The present study results suggested that it is possible to use HSI for the identification of individuals at high risk of CKD. For instance, it could be effective to use HSI in addition to metabolic syndrome (MS), which was reported to be associated with CKD [34, 35], to identify the population at high risk of CKD. Of 76,920 participants with data on waist circumference and fasting plasma glucose in this study, the proportion of individuals with and MS defined by the criteria of the committee to evaluate diagnostic standards for metabolic syndrome [3638] was 8.3%. Furthermore, the proportion was 11.5% among those with and without MS, while the proportion was 5.1% among those with and MS. Thus, it might be feasible to target populations (8.3%) with both and MS compared with those (19.8%) with .

A dose-response relationship between HSI and CKD was observed in the present study. HSI has been shown to be associated with C-reactive protein (CRP) levels [21, 39]. CRP is a very sensitive marker of inflammation [40], which contributes to the initiation and progression of CKD [41]. Previous studies have also shown that CRP is associated with diminished renal filtration [40] and CKD [42]. Because there were no data on CRP in this study, further studies will be needed to elucidate the influence of CRP on the relationship between HSI and CKD.

This study included the large-scale sample (more than 90,000 participants) in Japan, which was the strength of our study. However, a few limitations are present. First, some potential confounding factors that were not controlled for might affect our study findings. For instance, family history of CKD and low birth weight are known risk factors for CKD [43]. Because the information on these factors was unavailable in this study, it is necessary to control for them in future studies. Second, this study included data on middle-aged adults who received an annual health checkup in Japan. Thus, it would be difficult to generalize our study findings to other populations. Finally, this study had a cross-sectional survey design. Therefore, the causal relationship between HSI and CKD could not be established. Cohort studies will be needed to examine the temporal relationship between HSI and CKD.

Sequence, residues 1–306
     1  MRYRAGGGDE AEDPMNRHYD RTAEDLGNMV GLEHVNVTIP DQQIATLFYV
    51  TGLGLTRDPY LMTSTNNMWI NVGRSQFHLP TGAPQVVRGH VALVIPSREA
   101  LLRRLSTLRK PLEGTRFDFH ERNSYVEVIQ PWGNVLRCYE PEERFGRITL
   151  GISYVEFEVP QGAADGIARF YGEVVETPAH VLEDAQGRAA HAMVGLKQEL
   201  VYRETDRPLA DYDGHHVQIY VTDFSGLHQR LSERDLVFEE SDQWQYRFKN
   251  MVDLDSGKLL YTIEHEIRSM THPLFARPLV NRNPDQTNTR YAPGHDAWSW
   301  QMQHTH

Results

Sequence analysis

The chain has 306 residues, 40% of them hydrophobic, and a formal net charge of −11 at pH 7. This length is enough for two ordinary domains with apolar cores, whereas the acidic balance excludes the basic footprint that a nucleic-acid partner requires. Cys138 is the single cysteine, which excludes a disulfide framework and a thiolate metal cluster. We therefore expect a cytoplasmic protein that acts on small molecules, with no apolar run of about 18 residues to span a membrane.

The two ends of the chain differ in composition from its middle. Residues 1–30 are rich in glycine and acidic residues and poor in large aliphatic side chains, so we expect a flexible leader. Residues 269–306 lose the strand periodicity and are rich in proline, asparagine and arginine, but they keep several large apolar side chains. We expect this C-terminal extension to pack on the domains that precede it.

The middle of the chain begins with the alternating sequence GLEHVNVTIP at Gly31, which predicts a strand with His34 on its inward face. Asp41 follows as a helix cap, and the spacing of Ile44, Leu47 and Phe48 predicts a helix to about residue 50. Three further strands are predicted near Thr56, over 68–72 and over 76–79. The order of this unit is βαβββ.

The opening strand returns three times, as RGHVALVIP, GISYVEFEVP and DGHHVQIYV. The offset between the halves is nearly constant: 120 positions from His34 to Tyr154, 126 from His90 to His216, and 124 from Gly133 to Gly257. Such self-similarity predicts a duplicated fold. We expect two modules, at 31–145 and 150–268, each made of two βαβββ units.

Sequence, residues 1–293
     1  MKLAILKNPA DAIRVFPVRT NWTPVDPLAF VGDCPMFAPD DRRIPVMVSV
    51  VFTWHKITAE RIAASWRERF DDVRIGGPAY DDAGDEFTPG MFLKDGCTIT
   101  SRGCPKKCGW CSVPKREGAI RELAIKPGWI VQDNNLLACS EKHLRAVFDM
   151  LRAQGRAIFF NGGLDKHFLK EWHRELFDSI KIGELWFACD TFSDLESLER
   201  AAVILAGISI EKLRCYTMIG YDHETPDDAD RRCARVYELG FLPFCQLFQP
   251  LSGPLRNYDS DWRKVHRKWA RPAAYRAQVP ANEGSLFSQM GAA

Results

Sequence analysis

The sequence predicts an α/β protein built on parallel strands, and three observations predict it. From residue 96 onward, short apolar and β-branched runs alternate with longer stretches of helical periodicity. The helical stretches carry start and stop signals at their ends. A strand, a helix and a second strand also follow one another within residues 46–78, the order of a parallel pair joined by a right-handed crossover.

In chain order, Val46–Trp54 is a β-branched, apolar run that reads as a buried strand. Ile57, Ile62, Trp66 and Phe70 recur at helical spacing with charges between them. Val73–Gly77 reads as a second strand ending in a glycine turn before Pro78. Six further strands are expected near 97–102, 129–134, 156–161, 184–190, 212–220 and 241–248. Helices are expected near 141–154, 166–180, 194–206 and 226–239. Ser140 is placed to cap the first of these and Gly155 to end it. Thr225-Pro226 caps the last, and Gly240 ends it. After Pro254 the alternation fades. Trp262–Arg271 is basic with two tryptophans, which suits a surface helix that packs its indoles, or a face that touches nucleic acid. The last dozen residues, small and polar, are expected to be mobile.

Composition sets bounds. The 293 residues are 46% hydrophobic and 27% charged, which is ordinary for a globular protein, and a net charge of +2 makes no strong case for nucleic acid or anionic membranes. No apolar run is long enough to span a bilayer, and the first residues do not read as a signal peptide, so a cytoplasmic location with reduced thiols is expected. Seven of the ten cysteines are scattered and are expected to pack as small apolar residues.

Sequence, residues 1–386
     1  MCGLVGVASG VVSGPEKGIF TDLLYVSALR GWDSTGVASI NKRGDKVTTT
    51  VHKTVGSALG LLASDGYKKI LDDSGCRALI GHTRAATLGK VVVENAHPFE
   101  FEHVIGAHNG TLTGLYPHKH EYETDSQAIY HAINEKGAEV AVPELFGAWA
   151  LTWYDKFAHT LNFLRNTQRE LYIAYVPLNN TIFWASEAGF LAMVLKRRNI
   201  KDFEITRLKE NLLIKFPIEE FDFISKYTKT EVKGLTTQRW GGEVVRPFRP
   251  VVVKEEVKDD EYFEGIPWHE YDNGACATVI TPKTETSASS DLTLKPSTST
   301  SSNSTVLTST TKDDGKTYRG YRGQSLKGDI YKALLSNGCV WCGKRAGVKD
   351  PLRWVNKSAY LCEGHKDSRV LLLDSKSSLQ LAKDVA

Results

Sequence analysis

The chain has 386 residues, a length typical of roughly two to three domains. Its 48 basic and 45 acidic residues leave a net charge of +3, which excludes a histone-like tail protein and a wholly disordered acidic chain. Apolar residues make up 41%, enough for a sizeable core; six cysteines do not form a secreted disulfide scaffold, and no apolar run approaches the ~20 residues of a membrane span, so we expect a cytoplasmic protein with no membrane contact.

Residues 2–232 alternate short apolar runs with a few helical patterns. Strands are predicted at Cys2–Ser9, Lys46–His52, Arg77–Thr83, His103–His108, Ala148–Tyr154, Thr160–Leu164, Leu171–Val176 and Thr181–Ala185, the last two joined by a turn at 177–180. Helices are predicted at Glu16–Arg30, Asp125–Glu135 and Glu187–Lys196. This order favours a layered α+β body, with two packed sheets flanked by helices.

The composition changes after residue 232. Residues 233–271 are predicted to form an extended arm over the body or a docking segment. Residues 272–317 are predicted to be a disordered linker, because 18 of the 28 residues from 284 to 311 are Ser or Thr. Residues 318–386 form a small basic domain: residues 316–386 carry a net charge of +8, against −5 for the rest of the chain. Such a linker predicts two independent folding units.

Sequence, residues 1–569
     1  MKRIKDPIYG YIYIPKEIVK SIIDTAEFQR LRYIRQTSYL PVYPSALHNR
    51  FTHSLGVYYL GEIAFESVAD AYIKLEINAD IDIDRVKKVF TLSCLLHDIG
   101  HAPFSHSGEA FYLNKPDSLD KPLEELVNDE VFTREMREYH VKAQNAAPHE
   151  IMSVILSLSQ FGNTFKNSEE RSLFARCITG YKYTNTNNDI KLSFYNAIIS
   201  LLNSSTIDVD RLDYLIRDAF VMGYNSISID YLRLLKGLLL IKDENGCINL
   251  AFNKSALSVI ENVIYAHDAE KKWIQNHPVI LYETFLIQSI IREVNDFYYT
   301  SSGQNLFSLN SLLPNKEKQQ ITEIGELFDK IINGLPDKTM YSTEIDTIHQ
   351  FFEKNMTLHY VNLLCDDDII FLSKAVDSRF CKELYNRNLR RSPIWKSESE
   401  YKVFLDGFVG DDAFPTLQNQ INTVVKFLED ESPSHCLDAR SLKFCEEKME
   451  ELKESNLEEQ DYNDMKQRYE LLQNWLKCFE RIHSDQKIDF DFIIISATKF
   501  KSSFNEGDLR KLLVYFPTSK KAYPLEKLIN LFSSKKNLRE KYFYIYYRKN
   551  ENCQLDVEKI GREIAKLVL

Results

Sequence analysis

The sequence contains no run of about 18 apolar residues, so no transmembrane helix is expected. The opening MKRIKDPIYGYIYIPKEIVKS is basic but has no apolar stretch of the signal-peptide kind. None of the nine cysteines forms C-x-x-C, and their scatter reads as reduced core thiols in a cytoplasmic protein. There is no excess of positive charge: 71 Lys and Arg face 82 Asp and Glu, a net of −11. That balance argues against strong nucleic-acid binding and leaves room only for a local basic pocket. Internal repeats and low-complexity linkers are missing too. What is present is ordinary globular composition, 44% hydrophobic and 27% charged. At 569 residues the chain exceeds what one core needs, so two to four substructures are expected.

5. Conclusion

The present study showed that the HSI was associated with CKD among middle-aged individuals in Japan. Moreover, the dose-response relationship of HSI with CKD was found. This study’s findings suggest that HSI might be useful to detect CKD at an early stage, by the monitoring of HSI among middle-aged populations.

Data Availability

Data are available on reasonable request and only after approval by the Ethics Committee of the All Japan Labor Welfare Foundation.

Disclosure

Showa University and All Japan Labor Welfare Foundation had no role in the present study design, analysis, and interpretation of data.

Conflicts of Interest

The authors declare that there is no conflict of interest regarding the publication of this article.

Acknowledgments

The authors thank Dr. Nobuo Yanagisawa, Dr. Takeshi Kawaguchi, and Mr. Yutaka Hoshina in the All Japan Labor Welfare Foundation for their support. We would like to thank Editage (https://www.editage.com) for English language editing. This work was supported by Showa University and All Japan Labor Welfare Foundation.

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Copyright © 2021 Hirotaka Ochiai et al. This is an open access article distributed under the Creative Commons Attribution License, which permits unrestricted use, distribution, and reproduction in any medium, provided the original work is properly cited.